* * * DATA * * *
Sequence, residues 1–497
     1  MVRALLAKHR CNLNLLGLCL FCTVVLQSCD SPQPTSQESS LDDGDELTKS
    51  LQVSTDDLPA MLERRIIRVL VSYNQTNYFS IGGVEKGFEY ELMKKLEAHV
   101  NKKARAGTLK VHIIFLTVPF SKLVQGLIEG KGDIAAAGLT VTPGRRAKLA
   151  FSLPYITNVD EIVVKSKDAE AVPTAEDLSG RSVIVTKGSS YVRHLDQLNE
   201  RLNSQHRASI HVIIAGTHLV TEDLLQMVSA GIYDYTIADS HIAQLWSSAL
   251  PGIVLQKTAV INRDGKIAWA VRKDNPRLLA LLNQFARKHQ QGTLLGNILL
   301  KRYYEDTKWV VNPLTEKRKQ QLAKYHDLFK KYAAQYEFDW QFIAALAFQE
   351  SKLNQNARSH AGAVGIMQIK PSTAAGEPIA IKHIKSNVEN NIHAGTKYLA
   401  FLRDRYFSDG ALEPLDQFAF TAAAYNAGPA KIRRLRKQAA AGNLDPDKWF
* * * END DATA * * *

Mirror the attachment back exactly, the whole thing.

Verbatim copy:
Sequence, residues 1–497
     1  MVRALLAKHR CNLNLLGLCL FCTVVLQSCD SPQPTSQESS LDDGDELTKS
    51  LQVSTDDLPA MLERRIIRVL VSYNQTNYFS IGGVEKGFEY ELMKKLEAHV
   101  NKKARAGTLK VHIIFLTVPF SKLVQGLIEG KGDIAAAGLT VTPGRRAKLA
   151  FSLPYITNVD EIVVKSKDAE AVPTAEDLSG RSVIVTKGSS YVRHLDQLNE
   201  RLNSQHRASI HVIIAGTHLV TEDLLQMVSA GIYDYTIADS HIAQLWSSAL
   251  PGIVLQKTAV INRDGKIAWA VRKDNPRLLA LLNQFARKHQ QGTLLGNILL
   301  KRYYEDTKWV VNPLTEKRKQ QLAKYHDLFK KYAAQYEFDW QFIAALAFQE
   351  SKLNQNARSH AGAVGIMQIK PSTAAGEPIA IKHIKSNVEN NIHAGTKYLA
   401  FLRDRYFSDG ALEPLDQFAF TAAAYNAGPA KIRRLRKQAA AGNLDPDKWF